Last weekend my husband and I celebrated our fifth anniversary. For the first time, we left both of our boys overnight at my parents house and we took a little trip…. just the two of us. We really enjoyed it!
Although we both really missed our children, it was quite nice to have a little time to ourselves. We didn’t do anything super fancy – like a cruise or trip to the beach. We simply traveled a couple of hours away to a town that most people wouldn’t consider very special. We went to Cookeville, Tennessee. Cookeville is basically a college town, as it is home to Tennessee Tech. We picked Cookeville because of its proximity to several waterfalls. My husband has always loved hiking, and it’s something we haven’t done very much of since we got married.
Once we settled on a place we did research to find other things to do in the area. We ended up eating at a restaurant called Mauricio’s. On our first anniversary we ate at a restaurant that should have been much nicer than this one but Mauricio’s definitely topped it. It was set up as an old house that they had turned into a restaurant, and they had old music playing – the kind you might hear in an old Audrey Hepburn movie. It was lovely, and the food was some of the best I have ever tasted. If you’re ever in Cookeville, you HAVE to check it out.
It was great to reconnect and enjoy some time together, and we really did enjoy the hiking as well. On top of that, it was a good chance to look back over our first five years of marriage – and to realize that the time we have spent together so far might only be around 10% of our married life. We have learned a lot in the past five years, and there are many things we hope to get better at. It is exciting to realize that we more than likely still have plenty of time to learn and grow together.
On our first anniversary I wrote a post on my previous blog about the lessons I had learned as a newlywed. The top lesson that I had learned in my first year of marriage is that I am a selfish sinner. Today, I’d say that’s still my biggest struggle. Yes, I have grown in this area and there are plenty of ways that I put others ahead of myself. But still, there lives inside me a deep seed of selfishness that God is still working on daily.
If you were to ask me today, four years later, what’s the biggest lessons were that I have learned in marriage, my answer would be very similar. I have learned that selfishness doesn’t pay. I have learned that I have to daily die to myself and my own desires. I have learned that it’s worth it to humble myself and dig the gross food out of the sink that my husband or children dumped in there. I have learned that it’s worth it to pick up the dirty clothes that my husband left on the floor. I have learned that even when I’m stressed, a smile directed at someone in my family is worth the effort. I don’t always remember these lessons, but I have deeply experienced their truth.
Marriage really is an excellent mirror. It is easy to see someone else’s flaws, but it’s also easy to look into their eyes and realize your own shortcomings. I might also say that the biggest lesson I have learned is to focus on myself. I know what you’re thinking…..“Ummm, HELLO! You were just talking about being selfish!” I know, I know. But stick with me!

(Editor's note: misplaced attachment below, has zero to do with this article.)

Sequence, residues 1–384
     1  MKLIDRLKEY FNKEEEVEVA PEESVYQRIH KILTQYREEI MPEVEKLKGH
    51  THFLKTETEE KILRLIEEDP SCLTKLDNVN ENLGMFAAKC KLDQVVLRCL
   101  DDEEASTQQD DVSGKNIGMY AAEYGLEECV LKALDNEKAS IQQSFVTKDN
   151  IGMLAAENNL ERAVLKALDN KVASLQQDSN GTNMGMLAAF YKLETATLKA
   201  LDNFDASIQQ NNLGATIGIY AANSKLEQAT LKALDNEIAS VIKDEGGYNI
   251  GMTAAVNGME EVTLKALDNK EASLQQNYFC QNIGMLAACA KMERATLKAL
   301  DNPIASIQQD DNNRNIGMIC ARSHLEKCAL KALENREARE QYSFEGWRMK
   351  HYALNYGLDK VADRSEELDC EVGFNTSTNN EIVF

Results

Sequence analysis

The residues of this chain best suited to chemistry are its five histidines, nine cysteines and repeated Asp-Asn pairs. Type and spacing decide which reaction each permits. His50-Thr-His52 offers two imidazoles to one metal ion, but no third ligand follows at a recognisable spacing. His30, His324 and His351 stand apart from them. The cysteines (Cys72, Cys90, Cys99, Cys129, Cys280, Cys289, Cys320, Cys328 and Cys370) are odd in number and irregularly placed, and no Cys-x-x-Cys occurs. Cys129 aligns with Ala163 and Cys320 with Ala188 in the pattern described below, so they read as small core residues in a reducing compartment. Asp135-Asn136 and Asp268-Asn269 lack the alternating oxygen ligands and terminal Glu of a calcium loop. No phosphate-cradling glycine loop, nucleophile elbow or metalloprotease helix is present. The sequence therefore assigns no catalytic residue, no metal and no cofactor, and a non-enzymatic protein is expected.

I cannot change my husband. I cannot miraculously make my children obey. I cannot wave my hand or wrinkle my nose and make perfect the other members of my family. What I can do is work to develop godly character inside myself. I can develop routines that help me to stay calm in the chaos of life. I can prioritize time in God’s Word and in prayer, so that my mind is stayed on the Lord. I cannot change my family, or fix their flaws, but if I put my trust in the Lord – He can change me.
This isn’t something I have learned because my children or my husband are so horrible that they need to change. In fact, I do believe I have the best husband that I can imagine in real life. Only, he is human. He is not perfect. Unrealistically, it can be so easy to expect him to be perfect. To hold him to a higher standard than I hold myself. This is not what God wants for me or for my marriage. God designed marriage so that a man could lead his family. My husband does this well. God designed marriage so that a woman would respect and honor her husband. He does not want me to fix my husband. He wants 2 things from me:
- God wants me to honor and obey Him above all else, and to grow in godliness as a follower of Christ.
- God wants me to honor and obey my husband, and submit to his leadership.
God wants me to focus on HIM, and on my own faith. As I do that, #2 becomes easier and easier. And as I honor my husband and follow his leadership, My marriage gets better and better.
Five years of marriage. To me it seems like a long time. It’s a huge milestone for us. In five years we’ve had two babies and one miscarriage. My husband graduated from seminary, became a youth minister, and then he became a senior pastor. We have worked together to now be debt-free (WAHOO!), and we’ve been able to do a lot of ministry and long-range vision planning together.
Through the study of Scripture, we’ve been challenged in our beliefs. We have made choices for our family that are different than we would have ever expected. We have seen the Holy Spirit work in each other, in our family as a whole, and in the ministry. We have been through a lot together, and we are truly blessed to have one another. I cannot wait to see what God does with the next 50-ish years.
Just for fun, Take a look at some pics from our first five years!